Header Ads Widget

Ukraine exposes Russian military plans for a Full-Scale Invasion of Belarus

Ukraine exposes Russian military plans for a "full-scale invasion of Belarus"

Ukraine seems to be not the only country that Russia has been plotting to invade in recent years. According to information released by Ukrainian military intelligence, Russia allegedly developed a detailed plan to invade and occupy Belarus in the summer of 2020.

On April 19, the Ukrainian Defense Ministry's Main Intelligence Directorate stated, "After the falsification of the presidential election in Belarus, the Russian Federation developed a plan to invade and suppress popular protests." Ukrainian intelligence has released what it claims is a secret Russian military document outlining the justification and plan for an invasion of Belarus.

The document mentioned Belarus' "tense" situation following the country's deeply flawed presidential election on August 9, 2020. It alluded to opposition leader Sviatlana Tsikhanouskaya's "subversive activities" while in exile in Lithuania, and claimed that a "large-scale information campaign" was underway to build support for a violent regime change in Belarus. The document argued that if this could not be avoided, Russia would be drawn into a full-scale war with NATO.

The plan was outlined in the document as a "plan to regroup the formations and military units of the First Tank Army in the vicinity of the mission" to invade Belarus. The troops would deploy "under the guise of participating in a joint exercise with the armed forces of the Republic of Belarus," according to the plan.

It was impossible to independently verify the accuracy of the information made public by Ukraine. If the Ukrainian intelligence claims are correct, a full-scale invasion of Belarus in the summer of 2020 was a very real possibility, less than two years before Russia did a full-scale invasion of Ukraine.

Given the tense state of relations between Moscow and Minsk in the run-up to Belarus' presidential election in August 2020, the existence of a Russian invasion plan is plausible. In contrast to Vladimir Putin and Alyaksandr Lukashenka's current close strategic alliance, there was significant tension in the relationship throughout 2019 and the first half of 2020.

Putin had reduced Russian subsidies and economic assistance to Belarus as a result of sanctions and a struggling economy. Moscow was also pressuring Belarus to make a number of concessions, including hosting a new Russian military base on its soil, deepening the integration of the country's armed forces, and accepting a resurrected economic integration project that would effectively end Belarusian sovereignty.

Lukashenka was resisting these efforts and attempting to mend Minsk's relations with the West, for his part. In early 2020, US Secretary of State Mike Pompeo visited Belarus in an effort to "normalize" strained relations with the country.

Pompeo stated at the time, during a meeting with Belarusian Foreign Minister Uladzimer Makei, that "the United States wants to help Belarus build its own sovereign country." Our energy producers are prepared to deliver 100% of the oil you require at competitive prices. Your country should not be forced to rely on a single partner for its prosperity or security."

There were indications at the time that Lukashenka's efforts to preserve Belarusian independence by attempting to move the country closer to the West alarmed Russia's military intelligence, the GRU, and its Foreign Intelligence Service, the SVR.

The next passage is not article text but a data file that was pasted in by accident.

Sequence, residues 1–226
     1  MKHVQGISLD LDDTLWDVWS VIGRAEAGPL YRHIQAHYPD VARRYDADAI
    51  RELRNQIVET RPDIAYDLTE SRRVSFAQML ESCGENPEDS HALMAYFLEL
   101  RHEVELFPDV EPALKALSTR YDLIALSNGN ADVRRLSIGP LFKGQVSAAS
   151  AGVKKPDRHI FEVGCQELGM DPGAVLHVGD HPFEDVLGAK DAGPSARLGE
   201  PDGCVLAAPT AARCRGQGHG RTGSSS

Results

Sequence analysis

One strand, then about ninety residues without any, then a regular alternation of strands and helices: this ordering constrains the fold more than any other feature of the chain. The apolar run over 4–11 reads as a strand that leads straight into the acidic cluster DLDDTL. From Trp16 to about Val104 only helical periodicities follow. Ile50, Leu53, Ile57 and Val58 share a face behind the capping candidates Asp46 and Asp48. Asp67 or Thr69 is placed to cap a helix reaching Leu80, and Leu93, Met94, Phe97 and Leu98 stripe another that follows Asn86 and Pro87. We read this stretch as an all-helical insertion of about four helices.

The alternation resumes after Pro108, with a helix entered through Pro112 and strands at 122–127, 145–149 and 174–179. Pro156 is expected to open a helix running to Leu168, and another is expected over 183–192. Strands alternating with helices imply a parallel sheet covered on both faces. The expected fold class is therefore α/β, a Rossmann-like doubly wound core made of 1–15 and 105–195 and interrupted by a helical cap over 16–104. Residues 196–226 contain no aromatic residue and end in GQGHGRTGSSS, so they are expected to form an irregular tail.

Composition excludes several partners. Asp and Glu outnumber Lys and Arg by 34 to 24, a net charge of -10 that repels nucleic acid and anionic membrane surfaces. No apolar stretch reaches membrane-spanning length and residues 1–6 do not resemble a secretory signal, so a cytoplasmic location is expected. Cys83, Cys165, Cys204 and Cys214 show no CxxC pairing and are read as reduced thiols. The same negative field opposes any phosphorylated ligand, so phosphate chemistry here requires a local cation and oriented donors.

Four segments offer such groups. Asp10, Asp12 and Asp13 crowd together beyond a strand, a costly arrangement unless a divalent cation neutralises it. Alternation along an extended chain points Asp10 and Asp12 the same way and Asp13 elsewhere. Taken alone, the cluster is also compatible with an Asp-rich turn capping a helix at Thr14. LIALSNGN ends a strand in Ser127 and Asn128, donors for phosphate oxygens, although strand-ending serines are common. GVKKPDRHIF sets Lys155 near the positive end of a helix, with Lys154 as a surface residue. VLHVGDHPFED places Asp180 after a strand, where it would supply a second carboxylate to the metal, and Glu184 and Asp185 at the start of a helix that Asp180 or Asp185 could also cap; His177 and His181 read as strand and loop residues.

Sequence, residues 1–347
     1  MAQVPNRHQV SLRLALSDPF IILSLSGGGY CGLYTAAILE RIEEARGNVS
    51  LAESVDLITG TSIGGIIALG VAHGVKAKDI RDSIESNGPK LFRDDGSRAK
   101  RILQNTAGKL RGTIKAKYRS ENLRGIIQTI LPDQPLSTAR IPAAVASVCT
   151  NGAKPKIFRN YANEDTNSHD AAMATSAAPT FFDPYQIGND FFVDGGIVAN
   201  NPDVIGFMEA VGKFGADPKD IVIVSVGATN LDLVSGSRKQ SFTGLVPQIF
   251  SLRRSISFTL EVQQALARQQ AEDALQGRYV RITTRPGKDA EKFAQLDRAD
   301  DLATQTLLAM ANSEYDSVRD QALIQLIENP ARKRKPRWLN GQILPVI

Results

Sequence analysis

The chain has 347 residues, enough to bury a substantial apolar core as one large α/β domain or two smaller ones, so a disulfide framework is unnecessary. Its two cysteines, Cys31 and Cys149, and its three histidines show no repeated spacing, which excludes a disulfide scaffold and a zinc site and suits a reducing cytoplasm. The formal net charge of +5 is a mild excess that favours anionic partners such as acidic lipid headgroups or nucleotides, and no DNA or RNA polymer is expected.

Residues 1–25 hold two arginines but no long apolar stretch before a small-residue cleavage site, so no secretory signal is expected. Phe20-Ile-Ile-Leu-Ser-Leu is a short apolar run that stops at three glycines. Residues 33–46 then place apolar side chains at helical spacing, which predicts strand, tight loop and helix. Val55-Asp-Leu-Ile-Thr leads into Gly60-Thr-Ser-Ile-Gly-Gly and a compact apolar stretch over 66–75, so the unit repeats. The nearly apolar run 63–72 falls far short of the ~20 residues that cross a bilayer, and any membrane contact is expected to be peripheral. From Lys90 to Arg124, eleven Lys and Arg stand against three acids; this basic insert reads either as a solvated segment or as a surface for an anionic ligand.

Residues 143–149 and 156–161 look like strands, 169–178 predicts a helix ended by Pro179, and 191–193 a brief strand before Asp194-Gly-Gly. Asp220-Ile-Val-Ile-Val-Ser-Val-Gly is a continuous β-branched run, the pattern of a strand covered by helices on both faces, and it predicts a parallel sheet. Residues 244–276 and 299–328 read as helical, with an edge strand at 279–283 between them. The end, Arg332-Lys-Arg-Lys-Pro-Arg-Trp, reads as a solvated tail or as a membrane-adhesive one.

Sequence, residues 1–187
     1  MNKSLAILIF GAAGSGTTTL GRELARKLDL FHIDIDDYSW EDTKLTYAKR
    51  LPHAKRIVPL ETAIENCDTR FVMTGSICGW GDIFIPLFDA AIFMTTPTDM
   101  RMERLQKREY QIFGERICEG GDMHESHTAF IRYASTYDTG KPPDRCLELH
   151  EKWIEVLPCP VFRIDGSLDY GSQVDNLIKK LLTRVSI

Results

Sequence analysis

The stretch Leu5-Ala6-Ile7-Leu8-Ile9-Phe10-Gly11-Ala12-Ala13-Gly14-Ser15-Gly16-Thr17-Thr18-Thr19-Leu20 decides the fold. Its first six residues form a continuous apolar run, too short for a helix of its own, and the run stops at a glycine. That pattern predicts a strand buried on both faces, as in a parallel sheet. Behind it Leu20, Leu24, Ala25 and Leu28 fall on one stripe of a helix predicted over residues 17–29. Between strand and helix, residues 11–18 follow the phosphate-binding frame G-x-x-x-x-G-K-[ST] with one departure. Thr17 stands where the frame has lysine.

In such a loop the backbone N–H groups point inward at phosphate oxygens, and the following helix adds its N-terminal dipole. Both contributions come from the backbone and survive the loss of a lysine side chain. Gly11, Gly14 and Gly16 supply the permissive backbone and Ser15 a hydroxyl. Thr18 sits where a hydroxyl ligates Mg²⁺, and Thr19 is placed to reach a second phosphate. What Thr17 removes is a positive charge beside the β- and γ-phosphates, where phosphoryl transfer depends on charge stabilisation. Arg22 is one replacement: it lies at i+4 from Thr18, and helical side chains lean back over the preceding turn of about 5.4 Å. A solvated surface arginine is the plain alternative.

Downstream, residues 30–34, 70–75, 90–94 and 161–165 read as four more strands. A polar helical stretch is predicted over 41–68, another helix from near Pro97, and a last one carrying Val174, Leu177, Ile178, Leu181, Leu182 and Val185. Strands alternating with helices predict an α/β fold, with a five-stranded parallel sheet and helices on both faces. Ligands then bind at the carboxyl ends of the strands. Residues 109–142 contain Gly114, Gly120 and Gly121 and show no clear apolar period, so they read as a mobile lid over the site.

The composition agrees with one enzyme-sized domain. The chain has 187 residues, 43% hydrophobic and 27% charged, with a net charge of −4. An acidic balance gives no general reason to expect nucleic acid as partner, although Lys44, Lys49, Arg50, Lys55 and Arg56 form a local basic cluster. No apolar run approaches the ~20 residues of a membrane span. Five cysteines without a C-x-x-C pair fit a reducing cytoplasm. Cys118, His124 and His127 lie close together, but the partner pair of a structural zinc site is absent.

Over the last two years, the geopolitical situation has shifted dramatically in Moscow's favor. Following the August 2020 Belarusian presidential election, Lukashenka's brutal crackdown on dissent, as well as his subsequent alienation from the West, he has grown increasingly reliant on the Kremlin. It appears that a full-scale Russian invasion of Belarus is no longer necessary.

Without firing a shot, Putin has gotten everything he wants in Belarus. Lukashenka is completely reliant on Moscow, which has allowed Russia to carry out a "soft annexation" of the country. Belarus has effectively become a de facto extension of Russia's Western Military District, allowing Moscow to expand its economic and political spheres of influence in the country.

Belarus has also become entangled in Putin's Ukraine War. Despite the fact that Belarus has not yet contributed troops to Russia's invasion of Ukraine, Lukashenka has allowed Russia to use Belarus as a staging area for Russian troops and has allowed Putin to launch airstrikes against Ukrainian cities from Belarusian territory.

Russia's dominant position in Belarus may be jeopardized as a result of its supporting role in the conflict. Belarusian public opinion is strongly opposed to the war in Ukraine, with efforts underway to sabotage the country's railway network in order to obstruct Russian troop transit. Meanwhile, hundreds of Belarusians have volunteered to fight alongside Ukraine's volunteer battalions. As the war drags on, the risk of domestic destabilization in Belarus increases dramatically.

For the time being, Putin is mired in the Ukraine crisis. He could, however, return to a full-scale military takeover of Belarus if public opposition to Belarusian involvement in the invasion of Ukraine grows and threatens to undermine Russian influence. According to recent Ukrainian claims, such an operation may already be planned.

Source: Atlanticcouncil - Brian Whitmore is a nonresident senior fellow at the Atlantic Council's Eurasia Center, as well as an Assistant Professor of Practice at the University of Texas at Arlington and the host of The Power Vertical Podcast.

Post a Comment